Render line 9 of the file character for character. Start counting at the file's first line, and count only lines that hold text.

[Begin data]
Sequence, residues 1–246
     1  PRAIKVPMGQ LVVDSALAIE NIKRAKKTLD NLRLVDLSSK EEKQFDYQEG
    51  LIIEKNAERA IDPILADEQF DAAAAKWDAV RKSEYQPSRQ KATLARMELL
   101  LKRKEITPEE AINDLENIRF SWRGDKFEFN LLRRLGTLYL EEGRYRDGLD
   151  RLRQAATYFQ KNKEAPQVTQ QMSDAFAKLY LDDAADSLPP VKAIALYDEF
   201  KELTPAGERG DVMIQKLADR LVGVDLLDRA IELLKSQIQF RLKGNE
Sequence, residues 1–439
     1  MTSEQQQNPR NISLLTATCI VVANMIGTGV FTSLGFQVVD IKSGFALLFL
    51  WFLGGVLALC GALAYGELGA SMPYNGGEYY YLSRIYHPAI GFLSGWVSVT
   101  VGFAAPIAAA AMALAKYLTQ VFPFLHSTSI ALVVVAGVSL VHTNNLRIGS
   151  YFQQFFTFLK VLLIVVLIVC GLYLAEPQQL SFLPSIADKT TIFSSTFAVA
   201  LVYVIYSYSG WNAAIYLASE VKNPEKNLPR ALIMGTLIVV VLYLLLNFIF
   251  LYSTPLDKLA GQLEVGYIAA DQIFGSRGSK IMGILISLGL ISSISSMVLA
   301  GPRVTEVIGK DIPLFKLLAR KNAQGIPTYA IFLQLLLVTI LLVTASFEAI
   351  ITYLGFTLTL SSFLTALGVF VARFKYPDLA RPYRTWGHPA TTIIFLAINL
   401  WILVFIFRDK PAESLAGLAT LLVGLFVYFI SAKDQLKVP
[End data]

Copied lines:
    51  WFLGGVLALC GALAYGELGA SMPYNGGEYY YLSRIYHPAI GFLSGWVSVT